A Review of Reach "Fair Day", taken from the Cambridge Weekly News, 13th May 1904

REACH Fair When in 1200 King John favoured the burgesses of Cambridge by granting the charter empowering them to collect tolls at Reach Fair he conferred upon them a valuable asset. The mart was then of considerable magnitude, the traders many and the buyers multitudinous. From the tolls which traders paid for groundage at so much a foot, for leather at so much per "dicker" brought into the market, for wools, flails, cheese, waggons, cattle and other commodities the - burgesses must have reaped substantial benefit. Under such circumstances the satisfaction of solemnly proclaiming the fair - a custom which finds a parallel in the latter-day distinguished person declaring a bazaar open - is easily understood. But with the march of time has come the decadence of annual marts or fairs. With the march of time also has come the decadence in revenue of which the considerate John decided Cambridge was deserving; such decadence that the Borough instead of deriving benefit is out of pocket through shedding the civic benefit over the village fair. Still the ancient custom, one of the many the Borough proudly possesses, is observed every Rogation Monday and it has at least the advantage of imparting to Reach Fair pomp and circumstance it would otherwise lack, of making glad the hearts of children en route with much sprinklings of copper coin, of affording members of the Corporation pleasing relaxation from weighter cares and of increasing the profits of - proprietors of pleasure fair paraphernalia, particularly those of owners of cocoanuts shies. The fair this year was smaller than ever. Trading in horses constitutes practically the only business part of it, and the animals were on Monday - in market parlance - in short supply. The members of the Corporation who made the journey for the proclamation ceremony were: The Deputy Mayor (Mr P.H.Young), Aldermen A Deck, G.Peck and W.P.Spalding,. Councillors F.Banyard, J.Catling, Newton Digby, E.Field, R.F.Freeman, H.J.Gray, A.Maltby, Fred Morley, R.Starr, E.A.Wadsworth, W.J.Wallis with the Town Clerk (Mr J.E.L.Whitehead), the Clerk of the Peace (Mr R.C.Burrows) and the Borough Accountant (Mr W.C.Gait). Their drive was triumphal in nature and their distribution of coppers a source of much rejoicing. All along the route commencing with the Barnwell end of the town, continuing through Quy, past Lode, through the two Swaffhams to reach, Rogation Monday is remembered as the day when a smart cavalcade of gentlemen, wearing robes with dignity, silk hats, and benignant smiles, distribute Largesse as they sweep by. The distribution commenced before the Borough boundaries were past. Then there was a lull of a few miles broken only by be respectful salutations of the workmen in the new cemetry on Ditton Corner. The village of Quy showed however a scene of eager expectation. Here young and middle-aged matrons joined in the jubilant scramble for copper. One good lady who spoke gleefully of the "tu'pence" she seized last year improvised step dance not yet seen on the stage as a special inducement for coin to come her way, meanwhile holding out her capacious white apron as a receptacle for freewill offerings. At the school the children packed themselves along the wall which borders the road and raised simultaneous shouts of welcome and entreaties for spending money. The Lode scholars who had the advantage of a holiday for the occasion, went one better. They almost, encroached on the Quy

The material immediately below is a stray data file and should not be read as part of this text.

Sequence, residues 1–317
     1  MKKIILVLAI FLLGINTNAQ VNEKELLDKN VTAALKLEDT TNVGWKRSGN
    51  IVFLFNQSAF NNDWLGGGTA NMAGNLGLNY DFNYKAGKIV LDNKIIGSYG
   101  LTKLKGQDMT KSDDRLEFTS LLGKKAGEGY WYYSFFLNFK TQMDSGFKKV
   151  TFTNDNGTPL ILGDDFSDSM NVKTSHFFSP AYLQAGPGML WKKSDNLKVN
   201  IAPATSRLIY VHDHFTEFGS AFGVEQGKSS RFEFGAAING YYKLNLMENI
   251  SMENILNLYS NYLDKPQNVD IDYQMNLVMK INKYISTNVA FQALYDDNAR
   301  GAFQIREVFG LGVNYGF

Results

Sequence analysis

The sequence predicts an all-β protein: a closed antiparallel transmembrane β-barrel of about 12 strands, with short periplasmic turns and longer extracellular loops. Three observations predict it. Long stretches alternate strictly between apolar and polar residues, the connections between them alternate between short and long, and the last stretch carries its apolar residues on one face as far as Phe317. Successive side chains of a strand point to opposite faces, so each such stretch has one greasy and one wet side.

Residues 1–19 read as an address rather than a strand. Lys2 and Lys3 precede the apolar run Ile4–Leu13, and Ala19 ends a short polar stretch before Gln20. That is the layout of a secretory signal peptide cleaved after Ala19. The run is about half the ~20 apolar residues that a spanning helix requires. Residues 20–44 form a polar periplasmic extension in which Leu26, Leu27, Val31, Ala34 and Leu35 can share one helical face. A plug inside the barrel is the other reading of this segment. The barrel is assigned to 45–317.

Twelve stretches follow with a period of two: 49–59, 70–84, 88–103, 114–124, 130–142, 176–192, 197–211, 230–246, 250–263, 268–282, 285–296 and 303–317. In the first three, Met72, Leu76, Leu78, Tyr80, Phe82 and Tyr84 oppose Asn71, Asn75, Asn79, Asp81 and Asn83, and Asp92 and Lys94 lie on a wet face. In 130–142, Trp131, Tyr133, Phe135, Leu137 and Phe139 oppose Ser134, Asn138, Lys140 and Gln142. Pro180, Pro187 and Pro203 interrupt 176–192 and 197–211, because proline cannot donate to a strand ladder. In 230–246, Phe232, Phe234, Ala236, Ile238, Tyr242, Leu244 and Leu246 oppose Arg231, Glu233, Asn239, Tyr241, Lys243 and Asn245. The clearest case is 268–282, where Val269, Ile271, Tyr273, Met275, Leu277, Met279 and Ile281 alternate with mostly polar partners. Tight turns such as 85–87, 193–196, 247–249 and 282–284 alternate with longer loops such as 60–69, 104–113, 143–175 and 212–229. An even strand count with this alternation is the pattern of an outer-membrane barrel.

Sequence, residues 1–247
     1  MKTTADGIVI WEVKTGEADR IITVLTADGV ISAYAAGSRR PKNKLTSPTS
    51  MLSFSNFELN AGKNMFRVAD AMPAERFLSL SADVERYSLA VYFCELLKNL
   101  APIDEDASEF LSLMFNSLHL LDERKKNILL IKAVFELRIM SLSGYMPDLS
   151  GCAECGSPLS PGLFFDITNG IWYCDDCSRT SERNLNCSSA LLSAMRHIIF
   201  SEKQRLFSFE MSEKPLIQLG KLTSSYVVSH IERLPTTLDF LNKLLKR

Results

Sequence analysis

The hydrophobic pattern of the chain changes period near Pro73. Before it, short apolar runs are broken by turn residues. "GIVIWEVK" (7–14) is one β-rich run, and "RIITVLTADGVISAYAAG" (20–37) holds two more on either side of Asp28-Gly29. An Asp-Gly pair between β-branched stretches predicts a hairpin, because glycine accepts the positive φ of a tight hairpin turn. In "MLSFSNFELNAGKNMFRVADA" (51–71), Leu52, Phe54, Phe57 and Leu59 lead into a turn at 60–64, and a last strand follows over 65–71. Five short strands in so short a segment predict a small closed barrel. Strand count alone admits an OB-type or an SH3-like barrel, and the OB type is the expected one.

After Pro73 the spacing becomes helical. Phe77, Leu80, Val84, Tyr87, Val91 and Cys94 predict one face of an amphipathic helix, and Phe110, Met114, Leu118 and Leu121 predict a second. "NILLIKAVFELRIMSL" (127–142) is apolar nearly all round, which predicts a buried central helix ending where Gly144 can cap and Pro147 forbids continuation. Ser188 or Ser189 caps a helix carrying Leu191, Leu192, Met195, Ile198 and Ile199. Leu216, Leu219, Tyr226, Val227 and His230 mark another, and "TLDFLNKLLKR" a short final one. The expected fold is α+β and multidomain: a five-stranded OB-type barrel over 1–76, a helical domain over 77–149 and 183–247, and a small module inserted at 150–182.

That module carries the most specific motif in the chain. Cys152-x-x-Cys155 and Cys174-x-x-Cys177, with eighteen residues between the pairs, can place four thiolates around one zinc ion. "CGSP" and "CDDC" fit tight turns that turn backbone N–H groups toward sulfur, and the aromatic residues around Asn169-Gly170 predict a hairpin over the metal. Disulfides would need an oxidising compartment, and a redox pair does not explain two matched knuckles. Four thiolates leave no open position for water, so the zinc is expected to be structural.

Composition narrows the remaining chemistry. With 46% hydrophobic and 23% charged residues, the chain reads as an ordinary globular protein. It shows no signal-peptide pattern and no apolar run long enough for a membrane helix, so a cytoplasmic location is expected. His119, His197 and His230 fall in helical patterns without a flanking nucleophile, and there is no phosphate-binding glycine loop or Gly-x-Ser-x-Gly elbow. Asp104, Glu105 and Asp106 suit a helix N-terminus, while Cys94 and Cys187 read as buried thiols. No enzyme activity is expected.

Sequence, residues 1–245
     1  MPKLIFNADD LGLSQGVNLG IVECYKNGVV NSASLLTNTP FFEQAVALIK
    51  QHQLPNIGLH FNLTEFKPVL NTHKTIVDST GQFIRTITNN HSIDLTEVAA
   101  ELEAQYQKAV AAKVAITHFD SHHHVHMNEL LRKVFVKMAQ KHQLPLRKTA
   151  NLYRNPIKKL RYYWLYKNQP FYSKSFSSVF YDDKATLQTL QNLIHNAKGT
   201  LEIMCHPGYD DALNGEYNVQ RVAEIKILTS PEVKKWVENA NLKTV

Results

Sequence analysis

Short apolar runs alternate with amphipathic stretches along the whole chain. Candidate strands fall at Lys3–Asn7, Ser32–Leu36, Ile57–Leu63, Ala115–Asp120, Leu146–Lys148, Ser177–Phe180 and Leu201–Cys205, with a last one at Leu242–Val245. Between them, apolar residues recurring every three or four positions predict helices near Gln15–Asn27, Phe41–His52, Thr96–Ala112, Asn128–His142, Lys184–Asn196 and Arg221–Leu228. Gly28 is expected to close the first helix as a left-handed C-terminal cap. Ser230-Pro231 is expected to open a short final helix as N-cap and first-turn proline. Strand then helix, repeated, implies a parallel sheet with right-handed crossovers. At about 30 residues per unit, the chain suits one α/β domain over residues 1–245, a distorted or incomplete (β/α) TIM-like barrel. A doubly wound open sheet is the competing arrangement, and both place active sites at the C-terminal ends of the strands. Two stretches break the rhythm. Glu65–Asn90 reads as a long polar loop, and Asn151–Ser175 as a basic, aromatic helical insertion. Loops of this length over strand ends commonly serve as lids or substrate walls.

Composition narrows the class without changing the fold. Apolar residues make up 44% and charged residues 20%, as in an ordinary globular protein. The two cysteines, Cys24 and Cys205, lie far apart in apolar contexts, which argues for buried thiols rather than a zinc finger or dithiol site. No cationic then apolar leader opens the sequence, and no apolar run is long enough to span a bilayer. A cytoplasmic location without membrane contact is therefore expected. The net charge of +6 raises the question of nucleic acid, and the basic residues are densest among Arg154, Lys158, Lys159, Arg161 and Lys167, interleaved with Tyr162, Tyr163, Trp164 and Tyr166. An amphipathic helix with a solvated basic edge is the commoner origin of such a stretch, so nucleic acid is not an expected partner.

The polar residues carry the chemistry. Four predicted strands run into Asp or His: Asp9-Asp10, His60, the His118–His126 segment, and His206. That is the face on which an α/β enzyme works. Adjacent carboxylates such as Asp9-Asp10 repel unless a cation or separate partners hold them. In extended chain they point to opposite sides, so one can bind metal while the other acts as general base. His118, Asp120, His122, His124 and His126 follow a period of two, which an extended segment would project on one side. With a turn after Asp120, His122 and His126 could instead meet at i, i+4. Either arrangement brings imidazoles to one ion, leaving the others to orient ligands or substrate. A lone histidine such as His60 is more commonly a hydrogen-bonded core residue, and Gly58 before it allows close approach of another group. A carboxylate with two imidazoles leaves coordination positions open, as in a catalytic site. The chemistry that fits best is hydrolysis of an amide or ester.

preserves for they wandered far up ;the road-to meet the procession, which they welcomed with a shrill chant of "Please - sir - pray - sir" and after picking up the money which fell to their lot, scuttled after the last carriage as fast as their small limbs would allow them in hopes of more. So the comedy continued, with slight variations to the formula of entreaty until the scene of action was reached. Here the carriages drew up at the side of the village green, and the Town Clerk, from the eminence of the banked path, read in the name of Mr Mayor, Aldermen and Burgesses of Cambridge, the proclamation which "doth strictly charge and commend" various things nobody heeds, among others "that idle and evilly-disposed persons should henceforth quit". No desire to quit, however, has ever been observed, the assumption being that there are no persons to whom the description applies. In two places the proclamation is made.Tradition gives the reason for the repetition that upon one remote occasion the roads were so bad that Mr Mayor and Aldermen, and the Cambridge burgesses did not get to Reach to bestow the Borough benizon to this carnival, and that to obviate the calamity, it was ordered that the proclamation should be made in two places so that if the road to one spot were impassable, another might be taken. After the proclamation the members of the Corporation sedately surveyed the small fair. The greatest attraction before lunch was the loquacity of a quack who, after paying one or two people a shilling each for the privilege of extracting their unsound teeth, did a brisk trade among the crowd he thus collected selling patent medicine for most of the ills of mankind. Subsequent to lunch the business was regarded less seriously. Lest it should be imagined that the Borough Fathers lunched at the town's expense, it should be explained that for some years it has been the custom for the Mayor to provide the refreshment. Thus it was this year. A few frolicsome Councillors and at least one venerable alderman demonstrated with thoroughness to the admiring notice of other visitors how to shie at cocoanuts. Reach Fair was still worth visiting during these merry moments. The aim of the august visitors may not be quite as accurate as in their more youthful days, but greater determination and a longer pocket in the end secured them a supply of the nuts. Meanwhile others had strolled to the comparative seclusion of the shooting range and organized a miniature Bisley meeting. Toothsome Reach rock and other delicacies proffered for sale found purchases among the party and in the end, some of whom knew from experience the advantage of civic patronage, were well satisfied with the proceeds of the brief rejuvenation of the town visitors.